The media has taken to dubbing day one of Davos 2020 the Greta vs. Thunberg show, with climate change taking center stage this year.
Climate change is at the center of the 50th edition of the World Economic Forum (oftenly dubbed Davos) this year, probably more so than ever before.
In the latest edition of the WEF's Global Risks Report, one threat superseded all others: climate change. In fact, the top five risks in terms of likelihood that will affect the world over the coming decade are all centered on this threat. The WEF emphasizes that this is the first time one category has occupied all of the top slots since the report was launched in 2006.
(WEF Global Risks Report 2020)
This fact has overshadowed most proceedings at the event. On Day 1, everyone from US President Donald Trump to Greta Thunberg addressed the issue with ranging opinions and temperaments. In fact, those two were the stars of the show, as the media is currently dubbing it the Greta vs. Trump show.
Trump pats himself on the back
US President Donald Trump, for one, had strong opinions on the matter. Amid talks of the improvements his term as President has brought to the United States, he also slipped a few jabs at activists calling attention to the global warming crisis.
"This is not a time for pessimism," US President Trump said. "This is a time for optimism."
"But to embrace the possibilities of tomorrow we must reject the perennial 'prophets of doom' and their predictions of the apocalypse. They wanna see us do badly, but we don't [sic] let that happen."
Ironically, the event itself "has been criticized for putting climate change at the top of the agenda when environmental activists argue that many delegates arriving on private planes represent some of the worst climate offences," CNBC quipped.
Greta Thunberg fires back at world leaders in a powerful speech
17 year-old Swedish climate activist Greta Thunberg had a lot to say in this regard. She had very strong words for world leaders, pointing out their inaction towards climate change.
"One year ago, I came to Davos and told you that our house is on fire," her speech starts. "Our house is still on fire. Your inaction is fueling the flames by the hour."
She continued: "In the days running up to the 50th anniversary of the World Economic Forum, I joined a group of climate activists demanding that you, the world’s most powerful and influential business and political leaders, begin to take the action needed. Well, I’m here to tell you that, unlike you, my generation will not give up without a fight."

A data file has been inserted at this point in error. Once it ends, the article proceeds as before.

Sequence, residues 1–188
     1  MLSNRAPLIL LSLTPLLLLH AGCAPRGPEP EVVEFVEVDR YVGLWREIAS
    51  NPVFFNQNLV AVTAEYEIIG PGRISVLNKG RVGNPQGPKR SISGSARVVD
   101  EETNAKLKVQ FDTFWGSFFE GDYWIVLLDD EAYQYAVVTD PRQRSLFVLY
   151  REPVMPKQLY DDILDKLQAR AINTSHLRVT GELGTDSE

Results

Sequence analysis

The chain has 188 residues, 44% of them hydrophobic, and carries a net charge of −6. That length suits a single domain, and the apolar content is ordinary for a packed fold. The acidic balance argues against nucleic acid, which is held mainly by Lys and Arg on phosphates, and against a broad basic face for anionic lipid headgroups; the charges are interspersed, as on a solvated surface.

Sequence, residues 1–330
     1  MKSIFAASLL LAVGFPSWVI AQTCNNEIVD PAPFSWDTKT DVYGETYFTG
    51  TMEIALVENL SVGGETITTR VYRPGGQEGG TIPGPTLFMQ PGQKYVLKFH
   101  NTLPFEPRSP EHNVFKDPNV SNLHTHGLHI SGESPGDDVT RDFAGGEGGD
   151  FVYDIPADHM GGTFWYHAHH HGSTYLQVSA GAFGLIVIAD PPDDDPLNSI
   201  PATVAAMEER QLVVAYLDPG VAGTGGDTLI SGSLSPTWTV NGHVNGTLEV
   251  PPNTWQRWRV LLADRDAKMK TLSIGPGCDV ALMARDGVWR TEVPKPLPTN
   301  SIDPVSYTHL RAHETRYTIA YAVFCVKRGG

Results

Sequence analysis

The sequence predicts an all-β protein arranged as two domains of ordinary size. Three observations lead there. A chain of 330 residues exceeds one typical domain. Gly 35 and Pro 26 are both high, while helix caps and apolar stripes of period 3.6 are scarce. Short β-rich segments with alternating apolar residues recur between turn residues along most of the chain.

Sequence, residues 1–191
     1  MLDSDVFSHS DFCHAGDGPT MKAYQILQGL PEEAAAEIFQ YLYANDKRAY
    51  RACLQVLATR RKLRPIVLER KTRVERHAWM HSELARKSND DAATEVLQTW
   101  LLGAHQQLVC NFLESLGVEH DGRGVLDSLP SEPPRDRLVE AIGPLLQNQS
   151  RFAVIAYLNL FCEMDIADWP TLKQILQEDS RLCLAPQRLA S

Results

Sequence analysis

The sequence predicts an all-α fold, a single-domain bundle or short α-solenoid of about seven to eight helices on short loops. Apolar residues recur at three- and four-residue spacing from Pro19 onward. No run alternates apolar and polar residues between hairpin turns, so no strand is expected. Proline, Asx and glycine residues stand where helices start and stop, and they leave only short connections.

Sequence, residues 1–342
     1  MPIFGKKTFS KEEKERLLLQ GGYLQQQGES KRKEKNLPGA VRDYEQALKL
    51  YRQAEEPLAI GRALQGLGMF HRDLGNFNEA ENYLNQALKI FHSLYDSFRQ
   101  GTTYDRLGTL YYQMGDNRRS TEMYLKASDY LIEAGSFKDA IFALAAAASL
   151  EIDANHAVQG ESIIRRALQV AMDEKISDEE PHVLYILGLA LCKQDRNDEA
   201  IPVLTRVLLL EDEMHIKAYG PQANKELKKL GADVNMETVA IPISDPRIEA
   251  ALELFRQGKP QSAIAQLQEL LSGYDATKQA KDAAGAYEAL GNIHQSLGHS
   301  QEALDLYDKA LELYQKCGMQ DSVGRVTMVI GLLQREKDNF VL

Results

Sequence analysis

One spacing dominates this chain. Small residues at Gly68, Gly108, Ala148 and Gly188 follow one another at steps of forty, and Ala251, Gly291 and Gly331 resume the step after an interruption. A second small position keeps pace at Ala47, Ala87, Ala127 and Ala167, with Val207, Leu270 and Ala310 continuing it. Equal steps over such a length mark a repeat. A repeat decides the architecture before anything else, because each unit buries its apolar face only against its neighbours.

"I wonder: What will you tell your children was the reason to fail and leave them facing a climate chaos that you knowingly brought upon them? That it seemed so bad for the economy that we decided to resign the idea of securing future living conditions without even trying?
In the background of the Thunberg/Trump clash were the usual suspects: panels on economy, politics and civil issues.
The CEO of Goldman Sachs defended the bank’s work on the troubled public listing of WeWork, "while also acknowledging that valuations for tech startups have become skyhigh and need to become more grounded in reality."
Meanwhile, China was busy celebrating their latest trade deal with the US.
According to the South China Morning Post, "Vice-Premier Han Zheng told the World Economic Forum that China’s trade deal with the United States will not hurt rival exporting nations as complaints mount from governments that were left out of the agreement."
The phase one trade deal is good for the US, China and the world," he said. "China’s increasing purchases of US goods are in accordance with WTO guidelines and will not impact its imports from other countries.
In regards to Saudi Arabia, its finance minister Mohammed al-Jadaan told Reuters on the sidelines of Davos that the proceeds of last month’s listing of oil giant Saudi Aramco would be pumped into the local economy over several years, including building up defense systems.
As for the rest of the world, the IMF didn't have great things to say.
"The International Monetary Fund (IMF) has become less optimistic about global growth, warning that the outlook remains 'sluggish' and there are no clear signs of a turning point," CNBC reported.
“The projected recovery for global growth remains uncertain. It continues to rely on recoveries in stressed and underperforming emerging market economies, as growth in advanced economies stabilizes at close to current levels,” Gita Gopinath, the IMF’s chief economist, said in a written statement.
All in all, it seems economic uncertainty and climte change were the talk of the town on Day 1 of the WEF. More to come soon.